• Classrooms That Work: They Can All Read and Write by Patricia Cunningham and Richard Allington
    This was another powerful book from my last semester class. I love the strategies and the real life examples.
  • Uncovering the Logic of English: A Common-Sense Approach to Reading, Spelling, and Literacy Paperback, by Denise Eide
    This book is eye-opening for teachers and literacy specialists!! It is a great resource for understanding the English language and how to teach it.
  • The Reading Strategies Book: Your Everything Guide to Developing Skilled Readers, by Jennifer Serravallo
    I love Jennifer Serravallo as an author, her writing is easy to read and she has great ideas and knowledge on literacy strategies. This book is on my wish list for this summer.
  • The Art of Coaching: Effective Strategies for School Transformation, by Elena Aguilar
    This is one of the books on my summer wish list. I am hoping to grow as a literacy coach.

My Favorite Literacy Websites


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Wow, I LOVE online literacy resources!! They are so handy to use and I love how easily you can search exactly what you are looking for. Here are some of my favorites, new and old!!

Website 1: (also available as an app)

If you haven’t signed up for epic yet, I highly recommend it! It is a wonderful literacy resource for teachers of all levels. It is like netflix for books. The best thing about epic is the quality non-fiction books available. This is amazing because, as a teacher, it is hard to find themed leveled non-fiction books, it costs money to build your collection up, and research shows that most classrooms don’t have enough non-fiction books. This website is great for whole group (projecting the book on a whiteboard), for “listen to reading” literacy center (they have read-to-me books), and read-to-self time on an ipad. Amazing!!

Website 2:

This website is the most comprehensive literacy resource for both educators and parents ever. It has free printable resources, articles on how to teach reading, articles on strategies for struggling readers, resources on literacy topics, creditable blogs, videos, and much more. This is an award winning and research-based website that is a very valuable resource to all levels of educators.

Website 3:

Teaching struggling readers is my passion. This is an amazing resource with instructional strategies and information on how to teach children with learning disabilities and children with ADHD. This website has a wealth of resources for educators of all grades and parents. It gives overviews of various learning disabilities and resources on best instructional methods and accommodations. I highly recommend this site.

Website 4:

This is my school’s current literacy program. It is amazing!! It is an Orton-Gillingham based program, which means it is rooted in phonemic awareness, phonics, spelling rules, and multi-sensory teaching. This website has amazing resources and teaching/training videos.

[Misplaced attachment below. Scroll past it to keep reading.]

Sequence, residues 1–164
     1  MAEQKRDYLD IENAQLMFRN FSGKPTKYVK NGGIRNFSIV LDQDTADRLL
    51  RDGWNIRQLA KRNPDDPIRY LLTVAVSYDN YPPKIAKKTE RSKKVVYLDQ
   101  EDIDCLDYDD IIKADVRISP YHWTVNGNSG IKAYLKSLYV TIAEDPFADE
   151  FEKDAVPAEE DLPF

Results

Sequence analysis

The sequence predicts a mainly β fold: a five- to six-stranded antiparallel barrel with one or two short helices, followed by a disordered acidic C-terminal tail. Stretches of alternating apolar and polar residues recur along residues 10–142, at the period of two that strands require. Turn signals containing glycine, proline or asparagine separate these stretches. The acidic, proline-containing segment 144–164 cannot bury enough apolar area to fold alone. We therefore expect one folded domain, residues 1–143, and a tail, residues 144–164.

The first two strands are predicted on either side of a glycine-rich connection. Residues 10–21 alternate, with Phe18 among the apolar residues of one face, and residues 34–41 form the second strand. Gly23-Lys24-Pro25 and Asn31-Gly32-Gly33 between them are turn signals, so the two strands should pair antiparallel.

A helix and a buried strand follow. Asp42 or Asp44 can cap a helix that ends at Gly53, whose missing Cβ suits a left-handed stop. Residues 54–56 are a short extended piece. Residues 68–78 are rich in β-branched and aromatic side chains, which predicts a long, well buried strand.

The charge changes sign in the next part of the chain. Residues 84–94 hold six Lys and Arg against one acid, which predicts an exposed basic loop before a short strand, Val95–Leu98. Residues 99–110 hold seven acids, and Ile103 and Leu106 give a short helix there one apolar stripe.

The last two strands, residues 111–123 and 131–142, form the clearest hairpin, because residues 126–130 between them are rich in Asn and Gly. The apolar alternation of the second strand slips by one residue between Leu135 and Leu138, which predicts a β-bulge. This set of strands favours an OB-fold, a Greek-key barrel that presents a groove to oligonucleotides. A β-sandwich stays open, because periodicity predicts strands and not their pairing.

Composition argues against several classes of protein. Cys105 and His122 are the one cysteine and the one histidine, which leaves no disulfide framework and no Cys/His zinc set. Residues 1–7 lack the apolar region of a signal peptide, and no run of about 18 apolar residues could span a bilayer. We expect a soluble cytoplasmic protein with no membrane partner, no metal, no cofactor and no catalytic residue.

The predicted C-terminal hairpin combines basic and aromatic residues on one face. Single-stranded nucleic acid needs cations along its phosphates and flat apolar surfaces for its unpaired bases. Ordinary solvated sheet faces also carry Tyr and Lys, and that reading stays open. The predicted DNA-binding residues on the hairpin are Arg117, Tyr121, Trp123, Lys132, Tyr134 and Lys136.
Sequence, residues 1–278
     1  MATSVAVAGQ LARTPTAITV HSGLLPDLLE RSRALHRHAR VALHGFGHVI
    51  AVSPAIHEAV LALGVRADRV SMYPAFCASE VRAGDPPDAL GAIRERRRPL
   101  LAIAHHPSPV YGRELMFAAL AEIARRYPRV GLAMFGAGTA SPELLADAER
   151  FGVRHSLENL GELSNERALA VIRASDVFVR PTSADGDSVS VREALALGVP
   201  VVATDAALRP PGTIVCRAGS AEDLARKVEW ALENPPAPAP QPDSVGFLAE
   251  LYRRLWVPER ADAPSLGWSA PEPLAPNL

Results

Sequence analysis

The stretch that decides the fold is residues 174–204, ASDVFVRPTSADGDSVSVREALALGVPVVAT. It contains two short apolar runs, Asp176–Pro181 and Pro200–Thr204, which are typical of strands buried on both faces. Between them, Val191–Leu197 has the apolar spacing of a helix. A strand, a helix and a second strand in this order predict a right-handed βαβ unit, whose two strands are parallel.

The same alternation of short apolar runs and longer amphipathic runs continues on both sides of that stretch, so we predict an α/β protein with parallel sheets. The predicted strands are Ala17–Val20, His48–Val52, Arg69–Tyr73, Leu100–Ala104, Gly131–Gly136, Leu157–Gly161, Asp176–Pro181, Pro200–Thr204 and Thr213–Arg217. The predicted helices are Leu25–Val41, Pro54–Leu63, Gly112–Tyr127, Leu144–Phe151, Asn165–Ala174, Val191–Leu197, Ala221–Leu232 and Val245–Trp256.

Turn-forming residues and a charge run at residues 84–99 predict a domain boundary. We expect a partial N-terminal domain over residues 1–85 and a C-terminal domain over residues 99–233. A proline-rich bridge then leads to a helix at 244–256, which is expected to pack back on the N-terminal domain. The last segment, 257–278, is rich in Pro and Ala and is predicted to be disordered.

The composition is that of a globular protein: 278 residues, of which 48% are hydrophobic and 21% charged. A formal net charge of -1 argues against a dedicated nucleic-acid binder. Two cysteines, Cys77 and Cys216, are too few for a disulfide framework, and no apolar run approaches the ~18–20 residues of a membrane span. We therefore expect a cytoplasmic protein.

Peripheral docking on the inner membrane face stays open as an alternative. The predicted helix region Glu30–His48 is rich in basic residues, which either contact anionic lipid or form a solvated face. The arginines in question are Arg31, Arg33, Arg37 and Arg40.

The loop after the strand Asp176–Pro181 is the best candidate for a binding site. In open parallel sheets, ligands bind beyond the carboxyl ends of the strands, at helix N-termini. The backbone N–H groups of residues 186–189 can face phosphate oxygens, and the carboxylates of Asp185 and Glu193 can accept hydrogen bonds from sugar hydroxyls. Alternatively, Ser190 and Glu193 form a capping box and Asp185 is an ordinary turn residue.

Website 5:

I cannot say enough great things about the Orton-Gillingham approach to teaching reading. This website is a great resource for teachers who work with struggling readers, especially dyslexia. It goes into detail ways to identify dyslexia, how to create a literacy plan that works, and extra resources.

Website: 6:

This website is a bookmark must for literacy specialists and leaders! This has endless resources, training videos, best instruction practices, reading assessments, reading and writing articles, and a vast list of other great literacy websites.

Website 7:

The Daily Five is a great resource for teachers in the grade levels of K-8. The Daily five is a wonderful approach to teach a balanced literacy program. This website has everything from videos, to guidelines, to standards, to easy steps to set up the daily 5 in your classroom. It also has a wealth of information and resources based off the main pillars of reading.

Website 8:

Florida Center for Reading Research is a wonderful website that is current with the best researched literacy practices and resources to support literacy instruction. This is a great place to find strategies for interventions and small group work. This website has a wealth of professional development videos. A great resource for a literacy leader.

Website 9:

This is a website that requires an annual fee to receive all the benefits, but does provide some resources for free. This website publishes new literacy articles every week. It is a great resource for literacy lessons, tools, and provides professional development designed for literacy teachers in mind.

Website 10:

International Literacy Association has a mission to globally build a community of reading educators by providing resources, support, lesson plans, professional development, state of the art research on literacy, sets standards of how literacy should be taught. This website is amazing and you could spend hours exploring it.